How the New Cardinals Count: Nominees nudge numbers toward greater representation

A pope's impact on the College of Cardinals is naturally discussed after his death when his nominees and those of his predecessors enter the Sistine Chapel to elect a new pope.

Voting in a conclave is the heaviest and most visible responsibility that comes with a red hat, but those under the age of 80—the cardinal's retirement age—also influence the work of the offices of the Roman Curia and serve as special papal advisers.

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Along with a red biretta and the assignment of a "titular" church in Rome, new cardinals are appointed members of Vatican congregations, councils, commissions and secretariats; they are not simply advisers to those offices, but full members whose vote is needed for the most important decisions and documents issued by each office.

The statistical impact of Pope Francis' choices for new members of the College of Cardinals will be small, but significant.

The expanded group of cardinals eligible to elect a pope—all those under the age of 80—will include a lower percentage of Europeans, a slightly lower percentage of Italians, a lower percentage from the United States and a higher percentage of cardinals who head dioceses rather than offices of the Roman Curia.

After the new cardinals are created Feb. 14, the college will have 125 members under the age of 80 and, therefore, eligible to vote in a future conclave. The total number of cardinals will rise to 228—a record-breaking number. If a papal election were held the next day, more than 45 percent of the world's cardinals—all those over the age of 80—would be locked out of the Sistine Chapel where the conclaves are held.

Much of the reaction to Pope Francis' announcement Jan. 4 of the identities of the new cardinals focused on how they give representation in the college to Catholics in some of the most remote parts of the world—the "peripheries" the pope is always talking about. With the addition of electors from Ethiopia, New Zealand, Vietnam, Myanmar, Thailand, Uruguay, Panama, Cape Verde and Tonga, the number of countries with electors will rise from 48 to 57.

Among the electors, the percentage of Europeans will drop to 46.4 percent from its current 48 percent. While not a huge change, it is a sign of continuing progress in making the college more representative of the church as a whole; in 1960, there were 79 members of the college and they came from only 27 countries. About 70 percent of the college at the time was made up of Europeans.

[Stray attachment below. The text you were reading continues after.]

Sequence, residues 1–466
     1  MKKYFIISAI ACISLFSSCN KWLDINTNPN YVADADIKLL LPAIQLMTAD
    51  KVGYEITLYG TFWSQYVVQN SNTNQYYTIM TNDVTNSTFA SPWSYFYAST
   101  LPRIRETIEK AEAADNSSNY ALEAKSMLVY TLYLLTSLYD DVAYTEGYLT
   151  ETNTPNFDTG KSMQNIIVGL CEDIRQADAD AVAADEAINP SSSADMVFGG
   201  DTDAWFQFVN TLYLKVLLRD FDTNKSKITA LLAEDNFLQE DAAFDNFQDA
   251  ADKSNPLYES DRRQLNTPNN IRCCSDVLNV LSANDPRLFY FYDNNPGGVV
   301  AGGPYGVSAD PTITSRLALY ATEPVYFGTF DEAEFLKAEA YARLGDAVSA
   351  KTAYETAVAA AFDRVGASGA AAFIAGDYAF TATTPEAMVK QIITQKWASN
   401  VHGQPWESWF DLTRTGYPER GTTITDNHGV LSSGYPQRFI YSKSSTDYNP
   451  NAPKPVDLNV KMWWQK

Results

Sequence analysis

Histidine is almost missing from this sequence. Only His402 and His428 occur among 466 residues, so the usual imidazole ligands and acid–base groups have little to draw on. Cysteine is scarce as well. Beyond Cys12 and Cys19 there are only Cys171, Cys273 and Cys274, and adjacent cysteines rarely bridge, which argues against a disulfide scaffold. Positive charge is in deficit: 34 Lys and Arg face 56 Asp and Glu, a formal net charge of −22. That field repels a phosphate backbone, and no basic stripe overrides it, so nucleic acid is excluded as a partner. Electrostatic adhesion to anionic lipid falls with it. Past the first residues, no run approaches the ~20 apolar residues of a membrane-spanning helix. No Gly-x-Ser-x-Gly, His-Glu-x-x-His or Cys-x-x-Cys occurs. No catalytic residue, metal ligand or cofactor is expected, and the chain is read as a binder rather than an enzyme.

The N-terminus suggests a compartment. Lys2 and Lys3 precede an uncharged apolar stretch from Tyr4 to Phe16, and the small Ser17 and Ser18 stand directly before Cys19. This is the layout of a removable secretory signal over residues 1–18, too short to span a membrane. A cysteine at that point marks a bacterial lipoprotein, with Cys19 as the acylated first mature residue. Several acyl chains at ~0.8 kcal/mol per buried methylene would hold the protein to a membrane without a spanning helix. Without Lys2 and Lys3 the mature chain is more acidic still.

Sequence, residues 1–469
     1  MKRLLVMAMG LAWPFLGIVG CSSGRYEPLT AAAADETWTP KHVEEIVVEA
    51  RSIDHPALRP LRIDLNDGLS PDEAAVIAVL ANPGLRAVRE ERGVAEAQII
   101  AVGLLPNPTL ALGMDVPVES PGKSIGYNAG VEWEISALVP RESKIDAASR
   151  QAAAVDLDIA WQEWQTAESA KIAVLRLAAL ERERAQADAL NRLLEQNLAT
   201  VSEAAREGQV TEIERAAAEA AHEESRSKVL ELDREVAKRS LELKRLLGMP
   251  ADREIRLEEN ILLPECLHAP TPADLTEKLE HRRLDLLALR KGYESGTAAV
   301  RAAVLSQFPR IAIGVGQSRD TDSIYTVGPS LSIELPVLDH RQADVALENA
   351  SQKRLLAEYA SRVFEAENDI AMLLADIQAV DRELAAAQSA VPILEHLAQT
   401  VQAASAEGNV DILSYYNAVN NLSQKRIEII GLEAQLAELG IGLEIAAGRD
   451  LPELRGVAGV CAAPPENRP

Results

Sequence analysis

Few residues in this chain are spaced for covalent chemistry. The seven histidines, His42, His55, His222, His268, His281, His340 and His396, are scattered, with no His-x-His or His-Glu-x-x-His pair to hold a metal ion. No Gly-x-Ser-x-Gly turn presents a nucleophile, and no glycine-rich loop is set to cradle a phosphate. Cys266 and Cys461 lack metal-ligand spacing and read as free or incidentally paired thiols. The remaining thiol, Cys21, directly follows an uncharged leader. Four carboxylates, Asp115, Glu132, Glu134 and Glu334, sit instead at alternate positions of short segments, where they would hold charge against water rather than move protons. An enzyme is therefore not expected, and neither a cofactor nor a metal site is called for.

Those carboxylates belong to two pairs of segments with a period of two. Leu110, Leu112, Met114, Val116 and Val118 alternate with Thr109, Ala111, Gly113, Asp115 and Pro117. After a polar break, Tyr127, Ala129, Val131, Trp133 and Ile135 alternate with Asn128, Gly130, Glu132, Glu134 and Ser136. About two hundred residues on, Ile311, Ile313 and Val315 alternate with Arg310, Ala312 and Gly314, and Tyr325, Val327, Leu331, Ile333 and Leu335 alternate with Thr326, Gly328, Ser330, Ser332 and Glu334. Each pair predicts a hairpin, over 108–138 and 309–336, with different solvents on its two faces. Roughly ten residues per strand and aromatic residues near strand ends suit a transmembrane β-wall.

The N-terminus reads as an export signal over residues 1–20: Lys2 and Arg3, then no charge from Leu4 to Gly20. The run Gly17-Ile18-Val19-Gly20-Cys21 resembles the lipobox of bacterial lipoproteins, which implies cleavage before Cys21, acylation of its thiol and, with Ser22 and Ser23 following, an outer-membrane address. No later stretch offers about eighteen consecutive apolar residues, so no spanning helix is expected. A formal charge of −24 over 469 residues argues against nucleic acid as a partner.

Borrowing a category from the world of politics and economics—the Group of Eight countries with the most advanced economies—even after the consistory the world's most powerful nations still will have a majority among cardinal electors. But instead of representing 61 percent of the electors, the G-8 countries' share will drop to 57.5 percent.

With the Argentina-born pope's latest picks, the percentage of Latin Americans will rise to 16 percent from its current 15.4 percent. Pope Francis named no new members from the United States or Canada, so that part of the world's percentage will fall to 12 percent from its current 13.6 percent.

After the new cardinals receive their red hats, the percentage of Africans will rise to 12 percent from 11.8 percent. The percentage from Asia will rise to 11.2 percent from its current 10 percent. And, the Oceania-South Pacific region, which had only one voting-age cardinal, will have three; that brings the region's percentage up to 2.4 percent from its current 0.9 percent.

Bringing new members into the college rejuvenates the body, although in the past several decades the average age of cardinal electors has decreased only slightly with each new intake. Two of Pope Francis' picks—Cardinals-designate Soane Mafi of Tonga and Daniel Sturla Berhouet of Montevideo, Uruguay—are still in their 50s. However, after the consistory, the average age of the whole block of cardinal electors will decline only by five months, dropping to 71 years, one month.

As far as the age of the new cardinals goes, Pope Francis is well within the norm for the past several decades when the average age of incoming electors has been between 65 and 68.

The last time the average age of a batch of new cardinals was less than 60 years old was the 1977 consistory in which Pope Paul VI created four new cardinals, including then-Archbishop Joseph Ratzinger. The average age of that group was 57.2 years, according to catholic-hierarchy.org, the leading website for statistical information and brief biographical data of all the world's bishops and cardinals.

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